This also works for those how are choosing to stay in accommodation instead of camping, as you can setup in Derby or Branxholm, and then shift to St Helens. Stage 2 starts at Weldborough, with a shuttle to book to get there, or use your private transport. Get the low down on accommodation at the Dragon Trail website.
This already gets delivered on Stage 1, but also on Stage 2, racing from the Weldborough Pub up to the Blue Tier and down the Bay of Fires Trail. Thanks to the updates, this trail now has an extra 4.8km of singletrack. And yeah, the OG Blue Tier trail is still in there. It’s a technical challenge and something that is entirely unique – you could even say it’s a trail of history. This was the original way up the Blue Tier. So it’s a privilege to get to ride it, and it ranks up there with some other cool tails of history such as the Bump Track, Convict Trail, or the route of Salt and Wine through Val Mora and beyond.
Overall, this really adds to the variety of the Dragon Trail. You get to ride more purpose built singletrack than in most stage races in Australia, but you also get to ride some great raw trails as well. If you’re looking for bragging rights around the campfire, tune up your natural tech riding and take some scalps on the Blue Tier, then keep it wide open on the Bay of Fires Trail.
In 2021, the opening prologue set your start position, with the following stages using 10 second staggered starts. It sounded like a nightmare to organise but it worked really well. In 2022, the Dragon Trail used 5 second starts for Stage 1, and then wave starts for Stage 2 and 3. It was a popular change and one that will be used again in 2023.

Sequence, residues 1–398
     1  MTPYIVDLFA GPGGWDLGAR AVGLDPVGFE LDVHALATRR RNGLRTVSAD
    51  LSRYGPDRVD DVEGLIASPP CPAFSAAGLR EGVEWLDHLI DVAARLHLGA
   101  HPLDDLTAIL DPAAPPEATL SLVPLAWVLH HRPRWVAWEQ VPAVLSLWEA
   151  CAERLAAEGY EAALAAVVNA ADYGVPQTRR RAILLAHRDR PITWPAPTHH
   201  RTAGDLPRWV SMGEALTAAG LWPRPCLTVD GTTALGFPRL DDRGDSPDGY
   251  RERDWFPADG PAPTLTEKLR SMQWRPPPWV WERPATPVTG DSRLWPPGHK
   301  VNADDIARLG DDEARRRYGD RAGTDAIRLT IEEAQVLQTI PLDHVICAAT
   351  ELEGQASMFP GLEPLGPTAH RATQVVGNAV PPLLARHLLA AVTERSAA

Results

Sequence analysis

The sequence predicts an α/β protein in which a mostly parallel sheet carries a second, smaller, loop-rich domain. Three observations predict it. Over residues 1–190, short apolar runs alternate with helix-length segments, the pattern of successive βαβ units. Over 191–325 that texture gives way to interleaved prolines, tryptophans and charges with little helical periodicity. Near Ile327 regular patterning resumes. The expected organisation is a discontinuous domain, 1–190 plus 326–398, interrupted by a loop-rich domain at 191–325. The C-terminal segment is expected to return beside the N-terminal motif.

This is a great combination, as it allows riders to avoid congestion on the singletrack heavy Stage 1, but also race bar-to-bar on the following stages, where the course profiles allow a little more room to spread out.
Want to fly to Hobart can take a shuttle? Sure thing. Want to stay in an AirBnB instead of camping? That’s easier now as well. Looking for a few more food options? With the two camps, you can eat in the camp, cook, or walk out to a pub or restaurant instead! Get details on transfers and food over at the Dragon Trail website.
Overall, the updates for the 2023 Dragon Trail make a lot of sense. They make it easier for racers, with more service options as well – plus more trails. What’s not to like?
I was really impressed by the Dragon Trail in 2021. There is a lot of hype around the trails at Derby, and they really are that good. While the destination has a global presence for the enduro riding, the fact is there are incredibly good cross-country trails as well. In fact, the Australian Marathon Championships were one of the first events held at Derby in 2015, and 2016. And in 2023 the Devil’s Cardigan will host the National Gravel Championship. So… endurance riding and racing is etched into the landscape in the north-east. And if you haven’t been, it’s time to see for yourself if it’s as good as everyone says.